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Date:9/19/2014 8:10:24 AM
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Hi Tango
Hi everybirdie. Zeena here today with another very unique and endangered bird that is fighting for survival .The Nicobar Pigeon.
The Nicobar pigeon (Caloenas nicobarica) is a pigeon found on small islands and in coastal regions from the Nicobar Islands, east through the Malay Archipelago, to the Solomons and Palau. It is the only living member of the genus Caloenas. They drink water without having to raise their heads in the process; their chicks are helpless at birth but develop at an amazing pace . What is more, they forage for fruits of plants that have evolved with them the entire time. The Nicobar is planning and planting forests as they forge and eat.


It is a large pigeon, measuring 18-22 inches in length. The head is grey, like the upper neck plumage, which turns into green and copper hackles towards the breast. The breast is grey. The tail is very short and pure white. The rest of its plumage is metallic green. The cere of the dark bill forms a small blackish knob; the strong legs and feet are dull red. The iris is dark. Females are slightly smaller and less colorful.

The Nicobar pigeon roams in flocks from island to island, sleeping on offshore islets where no predators occur and spends the day in areas with better food availability,. Its food consists of seeds, fruit and buds, and it is attracted to areas where grain is available. A gizzard stone helps to grind up hard food items. Its flight is quick. Unlike other pigeons groups fly in columns or single file, not in a loose flock. The white tail is prominent in flight when seen from behind . The young birds' lack of a white tail is a signal of their immaturity clearly visible to an adult Nicobar pigeon, it is obvious at a glance which flockmembers are neither potential mates, nor potential competitors for mates.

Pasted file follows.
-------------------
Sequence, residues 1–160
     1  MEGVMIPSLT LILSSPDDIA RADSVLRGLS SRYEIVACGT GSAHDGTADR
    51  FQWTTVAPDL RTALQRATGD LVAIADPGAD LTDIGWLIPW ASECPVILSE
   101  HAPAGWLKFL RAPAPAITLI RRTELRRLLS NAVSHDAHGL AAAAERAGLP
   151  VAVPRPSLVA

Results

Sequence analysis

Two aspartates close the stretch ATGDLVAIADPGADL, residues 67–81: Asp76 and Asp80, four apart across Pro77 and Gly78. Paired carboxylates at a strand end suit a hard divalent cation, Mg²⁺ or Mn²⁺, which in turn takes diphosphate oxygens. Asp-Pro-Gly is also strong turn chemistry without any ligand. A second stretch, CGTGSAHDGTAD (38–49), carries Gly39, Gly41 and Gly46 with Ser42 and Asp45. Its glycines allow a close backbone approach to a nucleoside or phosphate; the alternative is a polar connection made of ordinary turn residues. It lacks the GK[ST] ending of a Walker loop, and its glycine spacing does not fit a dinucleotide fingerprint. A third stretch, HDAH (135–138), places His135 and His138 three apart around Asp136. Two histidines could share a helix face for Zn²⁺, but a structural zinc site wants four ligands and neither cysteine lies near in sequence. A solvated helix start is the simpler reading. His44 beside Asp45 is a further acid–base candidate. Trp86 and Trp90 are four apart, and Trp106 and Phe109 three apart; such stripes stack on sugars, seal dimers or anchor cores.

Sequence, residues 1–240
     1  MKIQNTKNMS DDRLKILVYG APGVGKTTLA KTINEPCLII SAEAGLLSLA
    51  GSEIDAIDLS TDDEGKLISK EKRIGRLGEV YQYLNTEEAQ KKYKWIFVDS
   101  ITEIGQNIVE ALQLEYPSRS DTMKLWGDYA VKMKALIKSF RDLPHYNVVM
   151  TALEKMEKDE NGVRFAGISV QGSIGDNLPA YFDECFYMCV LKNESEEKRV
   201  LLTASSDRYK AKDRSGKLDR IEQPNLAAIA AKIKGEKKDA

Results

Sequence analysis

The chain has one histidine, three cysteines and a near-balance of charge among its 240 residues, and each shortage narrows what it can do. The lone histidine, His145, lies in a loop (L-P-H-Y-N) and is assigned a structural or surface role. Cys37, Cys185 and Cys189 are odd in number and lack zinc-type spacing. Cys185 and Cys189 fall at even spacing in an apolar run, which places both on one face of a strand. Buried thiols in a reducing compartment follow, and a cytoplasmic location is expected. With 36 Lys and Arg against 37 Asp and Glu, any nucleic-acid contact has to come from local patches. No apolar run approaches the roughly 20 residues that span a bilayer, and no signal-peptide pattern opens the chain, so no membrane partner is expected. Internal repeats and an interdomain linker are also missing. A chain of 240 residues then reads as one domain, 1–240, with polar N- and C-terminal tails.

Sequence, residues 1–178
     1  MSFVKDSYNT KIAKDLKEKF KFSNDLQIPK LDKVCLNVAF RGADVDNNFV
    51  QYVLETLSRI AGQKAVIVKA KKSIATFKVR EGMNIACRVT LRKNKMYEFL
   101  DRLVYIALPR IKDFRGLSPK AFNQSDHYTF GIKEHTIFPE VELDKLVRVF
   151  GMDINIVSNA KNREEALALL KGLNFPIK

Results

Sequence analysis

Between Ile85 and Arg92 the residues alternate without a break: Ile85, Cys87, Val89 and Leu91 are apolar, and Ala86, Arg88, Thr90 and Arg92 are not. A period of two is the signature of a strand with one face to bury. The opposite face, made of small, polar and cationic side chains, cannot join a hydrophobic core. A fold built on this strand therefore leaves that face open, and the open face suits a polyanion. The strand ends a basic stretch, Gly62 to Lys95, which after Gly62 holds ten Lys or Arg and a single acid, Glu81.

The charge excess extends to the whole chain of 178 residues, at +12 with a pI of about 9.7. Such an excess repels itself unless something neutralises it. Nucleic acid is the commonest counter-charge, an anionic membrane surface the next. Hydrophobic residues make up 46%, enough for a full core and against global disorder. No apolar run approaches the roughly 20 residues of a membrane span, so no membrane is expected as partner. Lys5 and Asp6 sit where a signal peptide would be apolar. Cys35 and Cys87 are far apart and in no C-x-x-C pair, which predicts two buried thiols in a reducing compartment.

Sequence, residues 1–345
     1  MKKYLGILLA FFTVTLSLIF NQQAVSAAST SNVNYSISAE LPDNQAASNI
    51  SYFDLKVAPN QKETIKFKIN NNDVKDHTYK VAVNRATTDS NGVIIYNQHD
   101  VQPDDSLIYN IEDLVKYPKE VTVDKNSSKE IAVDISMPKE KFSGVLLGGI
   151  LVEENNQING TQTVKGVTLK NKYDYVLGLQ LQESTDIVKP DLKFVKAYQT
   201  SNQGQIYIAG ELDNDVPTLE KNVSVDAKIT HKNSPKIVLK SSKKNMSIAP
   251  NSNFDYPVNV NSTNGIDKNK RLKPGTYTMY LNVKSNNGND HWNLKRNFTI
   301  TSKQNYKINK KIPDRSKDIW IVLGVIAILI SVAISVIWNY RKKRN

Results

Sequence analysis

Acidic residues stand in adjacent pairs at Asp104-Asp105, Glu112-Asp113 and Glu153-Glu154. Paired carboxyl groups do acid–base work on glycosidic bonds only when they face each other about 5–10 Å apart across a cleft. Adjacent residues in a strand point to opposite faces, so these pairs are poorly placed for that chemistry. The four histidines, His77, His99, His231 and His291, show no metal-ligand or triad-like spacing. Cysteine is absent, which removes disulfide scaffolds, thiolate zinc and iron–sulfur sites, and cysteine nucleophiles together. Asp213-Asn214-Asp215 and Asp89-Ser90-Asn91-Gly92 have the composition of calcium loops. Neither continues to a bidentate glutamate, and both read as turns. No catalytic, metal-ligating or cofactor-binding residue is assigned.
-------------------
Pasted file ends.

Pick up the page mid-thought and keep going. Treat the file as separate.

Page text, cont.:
This species nests in dense forest on offshore islets, often in large colonies. It builds a loose stick nest in a tree. It lays one elliptical faintly blue-tinged white egg.

Nicobar pigeons are hunted in considerable numbers for food, and also for their gizzard stone which is used in jewelry. The species is also trapped for the local pet market, but as it is on CITES Appendix I, such trade is generally illegal. Internationally, captive breeding is able to supply the birds demanded by zoos, where this attractive and unusual bird is often seen. Direct exploitation of the species, including the illegal trade, might be sustainable on its own; however, its available nesting habitat is decreasing. The offshore islets which it requires are often logged for plantations, destroyed by construction ,or polluted by nearby industry. Also, increased travel introduced predators to the breeding sites, and colonies of the Nicobar pigeon may be driven to desert such locations or be destroyed outright. There is an estimated 1,000 adult birds remaining, its long-term future is increasingly being jeopardized.

with love & scritches Zeena 255116
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Hi my name's Captain Darling-RIP 5/19/2014

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